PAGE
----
Clothes Make the (Wo)Man by Devon Balwit

“It was a hat for the great and lonely” —Hein Donner

Where is my page to arm me for the day,
fastening greaves and hauberk? Where
my factotum? Must I do everything myself?

I lean towards the mirror, draw on a mustache,
powder my sideburns to be taken seriously.
A wig adds gravitas. I oil both smirk and frown.

One never knows what face will be called for.
There was a time when I had only one, when
I stood in my nakedness before hoodlums.

I learned, swallowing teeth and coppery blood,
smearing snot and tears on coat sleeves.
Now, I dress as though I’ve already won.

No one dares tell me otherwise. And if
they snicker behind my back, no matter.
My suit is thick, my shoulders well-padded.

 

 

Devon Balwit teaches in Portland, OR. She has six chapbooks and two collections out or forthcoming: How the Blessed Travel (Maverick Duck Press); Forms Most Marvelous (dancing girl press); In Front of the Elements (Grey Borders Books), Where You Were Going Never Was (Grey Borders Books); The Bow Must Bear the Brunt (Red Flag Poetry); We are Procession, Seismograph (Nixes Mate Books), Risk Being/ Complicated (with the Canadian artist Lorette C. Luzajic), and Motes at Play in the Halls of Light (Kelsay Books). Her individual poems can be found or are upcoming in Cordite, The Cincinnati Review, The Carolina Quarterly, Fifth Wednesday, The Ekphrastic Review, Red Earth Review, The Fourth River, The Free State Review, Rattle, Posit, and more.

Grotesque by Amy Lowell

Why do the lilies goggle their tongues at me
When I pluck them;
And writhe, and twist,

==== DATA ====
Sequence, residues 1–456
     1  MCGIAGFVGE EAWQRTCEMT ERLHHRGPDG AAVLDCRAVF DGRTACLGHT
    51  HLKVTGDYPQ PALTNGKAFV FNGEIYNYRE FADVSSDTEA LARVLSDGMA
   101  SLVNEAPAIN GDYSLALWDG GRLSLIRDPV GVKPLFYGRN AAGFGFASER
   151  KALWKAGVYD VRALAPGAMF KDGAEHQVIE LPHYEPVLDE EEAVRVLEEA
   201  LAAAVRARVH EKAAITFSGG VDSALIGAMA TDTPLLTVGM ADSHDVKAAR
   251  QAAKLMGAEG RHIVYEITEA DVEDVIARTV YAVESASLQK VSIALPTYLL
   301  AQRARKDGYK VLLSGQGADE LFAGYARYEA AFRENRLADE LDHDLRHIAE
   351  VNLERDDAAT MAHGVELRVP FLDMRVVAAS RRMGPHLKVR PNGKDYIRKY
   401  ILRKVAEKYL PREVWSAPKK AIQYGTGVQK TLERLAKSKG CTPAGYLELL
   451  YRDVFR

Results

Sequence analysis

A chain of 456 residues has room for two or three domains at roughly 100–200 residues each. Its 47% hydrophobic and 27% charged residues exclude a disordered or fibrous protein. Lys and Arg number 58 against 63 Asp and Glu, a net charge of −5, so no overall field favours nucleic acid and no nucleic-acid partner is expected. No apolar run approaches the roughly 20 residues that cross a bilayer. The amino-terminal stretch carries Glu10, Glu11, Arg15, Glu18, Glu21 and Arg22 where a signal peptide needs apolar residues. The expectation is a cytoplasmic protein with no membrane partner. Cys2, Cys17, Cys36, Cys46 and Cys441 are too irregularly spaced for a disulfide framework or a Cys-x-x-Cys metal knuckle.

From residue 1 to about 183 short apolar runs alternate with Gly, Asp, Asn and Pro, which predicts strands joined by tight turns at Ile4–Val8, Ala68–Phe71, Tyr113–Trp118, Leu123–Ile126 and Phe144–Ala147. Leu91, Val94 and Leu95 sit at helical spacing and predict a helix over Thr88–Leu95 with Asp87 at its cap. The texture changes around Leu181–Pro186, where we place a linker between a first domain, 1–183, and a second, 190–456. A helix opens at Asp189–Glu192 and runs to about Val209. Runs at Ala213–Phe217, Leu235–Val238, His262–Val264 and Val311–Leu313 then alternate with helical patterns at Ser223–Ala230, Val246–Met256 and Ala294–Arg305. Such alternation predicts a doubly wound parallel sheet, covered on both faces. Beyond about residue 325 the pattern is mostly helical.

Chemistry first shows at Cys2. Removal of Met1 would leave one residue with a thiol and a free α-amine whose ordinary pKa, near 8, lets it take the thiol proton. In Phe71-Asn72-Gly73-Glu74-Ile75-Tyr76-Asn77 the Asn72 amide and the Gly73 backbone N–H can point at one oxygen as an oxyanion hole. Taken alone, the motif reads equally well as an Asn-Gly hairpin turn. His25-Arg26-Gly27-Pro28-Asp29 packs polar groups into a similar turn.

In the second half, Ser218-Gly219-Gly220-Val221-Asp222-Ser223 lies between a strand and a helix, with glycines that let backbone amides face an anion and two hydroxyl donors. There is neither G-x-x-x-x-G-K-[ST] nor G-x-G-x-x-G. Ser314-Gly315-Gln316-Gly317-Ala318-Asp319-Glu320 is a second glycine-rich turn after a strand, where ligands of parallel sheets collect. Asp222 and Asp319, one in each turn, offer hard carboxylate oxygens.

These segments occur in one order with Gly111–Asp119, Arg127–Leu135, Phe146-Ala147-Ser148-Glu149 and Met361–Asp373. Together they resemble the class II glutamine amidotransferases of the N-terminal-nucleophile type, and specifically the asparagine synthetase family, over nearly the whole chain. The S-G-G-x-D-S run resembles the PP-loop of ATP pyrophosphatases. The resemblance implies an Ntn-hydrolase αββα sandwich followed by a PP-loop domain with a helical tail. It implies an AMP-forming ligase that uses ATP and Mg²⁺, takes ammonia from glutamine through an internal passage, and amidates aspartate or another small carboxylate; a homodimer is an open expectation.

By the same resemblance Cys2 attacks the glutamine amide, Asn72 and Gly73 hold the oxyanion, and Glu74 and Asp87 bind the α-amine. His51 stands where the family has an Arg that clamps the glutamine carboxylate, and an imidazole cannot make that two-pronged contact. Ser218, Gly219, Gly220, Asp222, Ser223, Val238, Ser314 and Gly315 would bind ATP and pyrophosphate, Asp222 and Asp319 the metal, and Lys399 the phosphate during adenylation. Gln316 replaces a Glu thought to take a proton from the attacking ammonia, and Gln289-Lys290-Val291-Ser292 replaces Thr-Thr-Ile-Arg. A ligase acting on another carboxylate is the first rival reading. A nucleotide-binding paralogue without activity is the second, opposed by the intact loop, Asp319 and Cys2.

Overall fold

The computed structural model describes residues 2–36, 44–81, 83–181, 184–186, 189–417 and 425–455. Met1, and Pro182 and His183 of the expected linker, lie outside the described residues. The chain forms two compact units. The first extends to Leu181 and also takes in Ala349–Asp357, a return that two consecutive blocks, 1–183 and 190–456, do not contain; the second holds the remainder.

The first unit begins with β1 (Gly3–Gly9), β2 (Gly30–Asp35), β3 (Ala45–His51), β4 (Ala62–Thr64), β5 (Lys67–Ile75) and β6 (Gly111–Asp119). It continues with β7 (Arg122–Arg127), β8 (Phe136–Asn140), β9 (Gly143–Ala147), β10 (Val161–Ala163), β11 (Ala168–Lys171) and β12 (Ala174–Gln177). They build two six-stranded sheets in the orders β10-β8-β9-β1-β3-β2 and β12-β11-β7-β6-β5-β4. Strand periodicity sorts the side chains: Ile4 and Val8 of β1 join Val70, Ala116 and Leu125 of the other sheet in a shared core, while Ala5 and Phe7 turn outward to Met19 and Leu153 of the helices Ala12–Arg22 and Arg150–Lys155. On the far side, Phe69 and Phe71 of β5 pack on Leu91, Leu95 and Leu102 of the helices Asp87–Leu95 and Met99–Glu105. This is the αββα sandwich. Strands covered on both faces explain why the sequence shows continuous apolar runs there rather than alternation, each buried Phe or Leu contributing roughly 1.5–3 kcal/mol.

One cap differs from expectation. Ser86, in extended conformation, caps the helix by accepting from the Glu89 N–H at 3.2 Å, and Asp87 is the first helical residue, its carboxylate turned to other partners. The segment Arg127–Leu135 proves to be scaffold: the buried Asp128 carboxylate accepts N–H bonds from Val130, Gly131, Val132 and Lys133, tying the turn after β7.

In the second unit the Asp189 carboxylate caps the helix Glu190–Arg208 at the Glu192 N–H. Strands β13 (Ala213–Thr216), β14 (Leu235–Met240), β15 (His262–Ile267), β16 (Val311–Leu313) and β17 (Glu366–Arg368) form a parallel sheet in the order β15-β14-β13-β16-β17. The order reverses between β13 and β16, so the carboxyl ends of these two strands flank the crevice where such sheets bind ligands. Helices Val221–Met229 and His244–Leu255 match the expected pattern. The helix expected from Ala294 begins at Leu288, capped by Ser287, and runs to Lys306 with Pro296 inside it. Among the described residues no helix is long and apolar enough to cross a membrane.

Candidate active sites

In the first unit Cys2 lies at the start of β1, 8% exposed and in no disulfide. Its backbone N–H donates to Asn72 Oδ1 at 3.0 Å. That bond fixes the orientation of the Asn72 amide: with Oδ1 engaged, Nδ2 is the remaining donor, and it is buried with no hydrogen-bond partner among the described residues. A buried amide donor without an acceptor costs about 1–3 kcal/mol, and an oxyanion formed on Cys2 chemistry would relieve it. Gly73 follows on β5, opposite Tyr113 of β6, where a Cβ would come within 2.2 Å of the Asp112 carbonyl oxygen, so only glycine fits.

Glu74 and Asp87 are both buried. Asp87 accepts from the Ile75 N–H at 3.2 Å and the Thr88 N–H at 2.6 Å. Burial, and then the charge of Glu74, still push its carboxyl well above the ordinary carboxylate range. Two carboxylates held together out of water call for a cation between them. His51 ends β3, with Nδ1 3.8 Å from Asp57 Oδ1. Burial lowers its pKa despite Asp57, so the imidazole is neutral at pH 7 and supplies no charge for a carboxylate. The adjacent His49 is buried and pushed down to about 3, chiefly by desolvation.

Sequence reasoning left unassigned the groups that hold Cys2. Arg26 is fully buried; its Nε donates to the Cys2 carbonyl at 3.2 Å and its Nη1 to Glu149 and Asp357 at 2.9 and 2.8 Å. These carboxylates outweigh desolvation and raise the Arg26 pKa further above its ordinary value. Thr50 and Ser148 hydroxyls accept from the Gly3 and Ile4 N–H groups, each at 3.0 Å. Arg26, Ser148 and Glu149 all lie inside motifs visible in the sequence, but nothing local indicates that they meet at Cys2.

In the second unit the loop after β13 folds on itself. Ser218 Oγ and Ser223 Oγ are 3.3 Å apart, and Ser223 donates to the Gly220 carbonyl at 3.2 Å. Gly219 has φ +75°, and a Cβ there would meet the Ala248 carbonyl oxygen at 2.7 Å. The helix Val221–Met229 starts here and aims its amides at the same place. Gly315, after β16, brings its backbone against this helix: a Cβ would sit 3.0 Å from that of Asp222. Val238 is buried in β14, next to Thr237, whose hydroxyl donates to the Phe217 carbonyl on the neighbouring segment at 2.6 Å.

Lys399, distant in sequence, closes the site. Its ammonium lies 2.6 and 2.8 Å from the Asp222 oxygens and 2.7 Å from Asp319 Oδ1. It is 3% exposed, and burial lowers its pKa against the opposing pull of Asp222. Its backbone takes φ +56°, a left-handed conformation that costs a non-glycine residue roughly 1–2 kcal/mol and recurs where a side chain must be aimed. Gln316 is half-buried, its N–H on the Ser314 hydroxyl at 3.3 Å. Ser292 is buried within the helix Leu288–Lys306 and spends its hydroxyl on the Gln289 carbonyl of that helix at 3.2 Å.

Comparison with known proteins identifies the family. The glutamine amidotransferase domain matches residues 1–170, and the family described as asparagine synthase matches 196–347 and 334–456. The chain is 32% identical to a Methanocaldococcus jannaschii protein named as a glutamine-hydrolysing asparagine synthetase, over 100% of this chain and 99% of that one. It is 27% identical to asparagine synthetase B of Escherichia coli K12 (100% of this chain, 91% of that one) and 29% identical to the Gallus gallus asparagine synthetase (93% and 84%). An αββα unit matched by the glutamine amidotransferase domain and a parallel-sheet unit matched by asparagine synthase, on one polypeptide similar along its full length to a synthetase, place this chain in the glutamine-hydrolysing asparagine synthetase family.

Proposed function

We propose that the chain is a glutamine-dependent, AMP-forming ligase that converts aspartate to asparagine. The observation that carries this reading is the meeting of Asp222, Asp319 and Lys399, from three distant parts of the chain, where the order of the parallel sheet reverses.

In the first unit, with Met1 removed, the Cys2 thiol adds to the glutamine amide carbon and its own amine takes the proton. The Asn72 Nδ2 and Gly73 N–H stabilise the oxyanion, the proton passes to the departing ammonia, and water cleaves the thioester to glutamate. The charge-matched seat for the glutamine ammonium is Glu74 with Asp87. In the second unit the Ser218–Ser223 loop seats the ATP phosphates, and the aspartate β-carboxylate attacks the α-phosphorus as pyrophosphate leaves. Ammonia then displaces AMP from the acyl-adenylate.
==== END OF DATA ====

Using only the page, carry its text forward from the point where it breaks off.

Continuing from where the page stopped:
And strangle themselves against my fingers,
So that I can hardly weave the garland
For your hair?
Why do they shriek your name
And spit at me
When I would cluster them?
Must I kill them
To make them lie still,
And send you a wreath of lolling corpses
To turn putrid and soft
On your forehead
While you dance?

 

(Amy Lowell, 1874 – 1925)

Nostalgic Hate by Sergio A. Ortiz

My ears listen to you lovingly
until the very end of love.

At the finish my hatreds harken,
my mind figures it’s a weapon

made of paper and tattoo ink.
I’d journey to East Asia and do us

love-making in origami.
Listen to the paper fold finely.

Imagine my ears there,
where the only thing that’s heard

is me disassembling, each time,
every time, at the end of tenderness.

Where hate is nostalgic
finalization of affection.

 

 

Sergio A. Ortiz (Featured Poet, August, 2017) is a two-time Pushcart nominee, a six-time Best of the Web nominee, and 2016/17 Best of the Net nominee. His poems have appeared or are forthcoming in Valparaiso Poetry Review, Loch Raven Review, Drunk Monkeys, Algebra Of Owls, Free State Review, and The Paragon Journal. His chapbook, An Animal Resembling Desire, will be published by Finishing Line Press. He is currently working on his first full-length collection of poems, Elephant Graveyard.

 

 

Origami Spring folded and photographed by Jason 7825. 

Tender Buttons [A Light in the Moon] by Gertrude Stein